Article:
The Effects of Management Accounting and Control Systems Accounting Essay

This study investigates the effects of management accounting and control systems and organizational learning on business process agility and competitive advantage. Many industries previously considered as relatively stable have changed into rapidly aggressive and turbulent environments. These environmental changes are triggered by changes in consumer preference, competitors' actions, regulatory or legal, economic shifts, and technological advancements, which create more uncertain and unpredictable environments for firms. Researchers have proposed many alternatives as guidance to firms when facing these challenges. Recently, some researchers propose that firms must develop dynamic capabilities to renew, reconfigure, and adapt existing firm-specific resources in response to the fast changing environment (Teece et al., 1997; Eisenhardt & Martin, 2000; Teece, 2007). Since building dynamic capabilities requires internal processes and efforts rather than acquisitions from market transactions, they are the most unique and difficult-to-imitate assets that firm can use to achieve and sustain a competitive advantage (Teece, 2007).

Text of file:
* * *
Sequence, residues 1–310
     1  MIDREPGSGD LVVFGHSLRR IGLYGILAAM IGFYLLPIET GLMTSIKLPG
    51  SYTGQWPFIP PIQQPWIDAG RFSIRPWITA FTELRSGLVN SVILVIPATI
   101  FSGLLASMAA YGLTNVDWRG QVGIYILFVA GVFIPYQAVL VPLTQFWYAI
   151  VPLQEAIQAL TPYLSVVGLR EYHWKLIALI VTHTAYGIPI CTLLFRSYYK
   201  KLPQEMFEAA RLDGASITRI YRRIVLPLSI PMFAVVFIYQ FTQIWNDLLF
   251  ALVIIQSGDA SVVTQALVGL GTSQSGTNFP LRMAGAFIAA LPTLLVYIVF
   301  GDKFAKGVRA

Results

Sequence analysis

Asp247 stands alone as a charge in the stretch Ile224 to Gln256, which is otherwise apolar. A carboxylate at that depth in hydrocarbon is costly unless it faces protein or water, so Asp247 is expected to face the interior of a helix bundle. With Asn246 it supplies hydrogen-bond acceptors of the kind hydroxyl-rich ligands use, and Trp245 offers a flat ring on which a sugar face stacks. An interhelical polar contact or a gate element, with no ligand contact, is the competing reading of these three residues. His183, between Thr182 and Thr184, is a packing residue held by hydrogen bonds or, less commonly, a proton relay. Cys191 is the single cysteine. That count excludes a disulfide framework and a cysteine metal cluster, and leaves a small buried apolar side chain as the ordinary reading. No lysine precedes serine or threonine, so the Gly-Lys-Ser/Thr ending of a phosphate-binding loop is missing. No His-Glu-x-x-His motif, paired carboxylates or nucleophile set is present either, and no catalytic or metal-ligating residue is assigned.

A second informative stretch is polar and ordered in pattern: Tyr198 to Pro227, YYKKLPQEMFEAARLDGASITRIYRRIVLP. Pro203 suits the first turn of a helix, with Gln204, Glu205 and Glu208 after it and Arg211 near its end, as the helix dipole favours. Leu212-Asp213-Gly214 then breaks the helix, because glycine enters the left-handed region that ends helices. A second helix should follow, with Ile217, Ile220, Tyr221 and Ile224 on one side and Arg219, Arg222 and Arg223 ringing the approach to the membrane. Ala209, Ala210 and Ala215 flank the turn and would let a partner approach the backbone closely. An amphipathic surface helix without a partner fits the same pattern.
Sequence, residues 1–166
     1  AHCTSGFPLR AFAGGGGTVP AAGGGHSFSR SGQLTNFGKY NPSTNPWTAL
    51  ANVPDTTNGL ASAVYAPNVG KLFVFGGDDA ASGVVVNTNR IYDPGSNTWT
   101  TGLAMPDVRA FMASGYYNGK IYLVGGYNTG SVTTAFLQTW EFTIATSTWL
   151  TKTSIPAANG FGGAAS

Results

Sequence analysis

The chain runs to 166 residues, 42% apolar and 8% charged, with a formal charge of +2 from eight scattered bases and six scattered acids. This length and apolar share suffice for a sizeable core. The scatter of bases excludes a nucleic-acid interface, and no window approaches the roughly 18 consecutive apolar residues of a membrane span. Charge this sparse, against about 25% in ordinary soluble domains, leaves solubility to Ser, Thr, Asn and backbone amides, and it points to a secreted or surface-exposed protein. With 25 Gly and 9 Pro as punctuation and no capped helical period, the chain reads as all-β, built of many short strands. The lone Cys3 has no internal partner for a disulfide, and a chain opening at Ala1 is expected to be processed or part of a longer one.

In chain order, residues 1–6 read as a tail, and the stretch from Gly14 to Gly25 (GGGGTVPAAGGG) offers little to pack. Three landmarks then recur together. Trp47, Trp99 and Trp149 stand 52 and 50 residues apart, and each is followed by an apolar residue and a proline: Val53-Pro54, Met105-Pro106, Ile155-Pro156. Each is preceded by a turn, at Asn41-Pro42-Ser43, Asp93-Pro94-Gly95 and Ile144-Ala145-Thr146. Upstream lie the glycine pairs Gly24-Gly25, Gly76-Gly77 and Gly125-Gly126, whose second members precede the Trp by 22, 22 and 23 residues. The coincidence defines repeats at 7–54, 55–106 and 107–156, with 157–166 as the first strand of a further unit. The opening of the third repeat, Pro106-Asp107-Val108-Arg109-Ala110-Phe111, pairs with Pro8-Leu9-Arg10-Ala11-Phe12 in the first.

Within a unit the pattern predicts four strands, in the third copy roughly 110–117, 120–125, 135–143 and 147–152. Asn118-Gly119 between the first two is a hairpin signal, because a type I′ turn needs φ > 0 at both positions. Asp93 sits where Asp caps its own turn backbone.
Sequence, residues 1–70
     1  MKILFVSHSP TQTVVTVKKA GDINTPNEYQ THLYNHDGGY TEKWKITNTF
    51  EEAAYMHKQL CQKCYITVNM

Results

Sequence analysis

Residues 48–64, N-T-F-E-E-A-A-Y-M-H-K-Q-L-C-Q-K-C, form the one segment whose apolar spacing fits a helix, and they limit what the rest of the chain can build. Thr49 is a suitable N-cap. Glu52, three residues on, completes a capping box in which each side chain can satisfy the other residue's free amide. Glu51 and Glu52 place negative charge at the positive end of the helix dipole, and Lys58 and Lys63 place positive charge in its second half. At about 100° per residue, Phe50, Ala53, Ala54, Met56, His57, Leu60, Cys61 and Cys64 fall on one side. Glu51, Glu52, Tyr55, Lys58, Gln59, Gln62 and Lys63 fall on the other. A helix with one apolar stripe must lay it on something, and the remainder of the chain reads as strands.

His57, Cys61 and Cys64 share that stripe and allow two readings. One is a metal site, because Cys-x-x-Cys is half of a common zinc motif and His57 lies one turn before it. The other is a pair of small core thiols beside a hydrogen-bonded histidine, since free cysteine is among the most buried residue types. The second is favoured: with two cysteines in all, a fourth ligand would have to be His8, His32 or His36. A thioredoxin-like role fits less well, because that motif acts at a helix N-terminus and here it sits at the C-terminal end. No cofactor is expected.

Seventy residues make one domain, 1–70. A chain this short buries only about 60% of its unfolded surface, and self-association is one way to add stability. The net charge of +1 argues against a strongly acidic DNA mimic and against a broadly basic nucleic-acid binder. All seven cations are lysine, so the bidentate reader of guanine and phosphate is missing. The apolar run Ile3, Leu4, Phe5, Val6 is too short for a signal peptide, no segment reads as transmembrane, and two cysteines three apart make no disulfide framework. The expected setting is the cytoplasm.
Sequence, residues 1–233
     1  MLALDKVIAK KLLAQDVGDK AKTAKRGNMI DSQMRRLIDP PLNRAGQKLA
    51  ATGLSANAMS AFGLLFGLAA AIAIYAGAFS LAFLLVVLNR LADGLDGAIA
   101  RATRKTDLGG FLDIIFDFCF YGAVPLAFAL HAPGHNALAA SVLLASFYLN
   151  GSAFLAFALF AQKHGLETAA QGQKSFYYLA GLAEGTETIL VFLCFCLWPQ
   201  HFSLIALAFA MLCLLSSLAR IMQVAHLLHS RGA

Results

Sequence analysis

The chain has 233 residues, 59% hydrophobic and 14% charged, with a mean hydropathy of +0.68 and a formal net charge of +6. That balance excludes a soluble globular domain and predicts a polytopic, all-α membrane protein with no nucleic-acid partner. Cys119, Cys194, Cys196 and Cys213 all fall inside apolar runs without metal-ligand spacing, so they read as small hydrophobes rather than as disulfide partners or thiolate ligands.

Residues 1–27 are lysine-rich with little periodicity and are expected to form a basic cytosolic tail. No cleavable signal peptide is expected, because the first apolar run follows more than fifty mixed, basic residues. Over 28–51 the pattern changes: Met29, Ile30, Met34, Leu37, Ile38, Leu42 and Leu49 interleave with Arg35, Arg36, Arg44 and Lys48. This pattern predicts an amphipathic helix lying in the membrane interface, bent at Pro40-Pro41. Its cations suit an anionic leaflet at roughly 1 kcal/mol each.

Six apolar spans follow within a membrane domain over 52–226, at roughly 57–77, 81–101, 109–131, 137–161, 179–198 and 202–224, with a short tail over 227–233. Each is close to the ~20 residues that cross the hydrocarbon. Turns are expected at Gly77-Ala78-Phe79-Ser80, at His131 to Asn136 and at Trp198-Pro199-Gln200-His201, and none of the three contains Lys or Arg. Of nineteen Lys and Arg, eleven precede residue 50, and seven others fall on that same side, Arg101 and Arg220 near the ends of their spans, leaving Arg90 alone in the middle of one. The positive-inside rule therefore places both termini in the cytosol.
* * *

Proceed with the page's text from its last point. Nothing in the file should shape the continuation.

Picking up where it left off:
One of the predominant focuses in dynamic capability perspective is the notion of "agility". Characterised by the capabilities to quickly sense and response to changes, agility has been recognized in information systems (IS) literature as a "higher-order" capability of firms (Raschke, 2007). An agile firm is argued as capable to deal with rapidly evolving situations, survive unexpected threats and succeed in competitive environments (Lu & Ramamurthy, 2011). Therefore, the understanding on how agility can be developed is crucial for firms. However, despite growing interest in agility, most studies remain theoretical and conceptual and call for more empirical research to examine this perspective (Raschke, 2007). As a result, research into how firms build agility as a dynamic capability remains scant.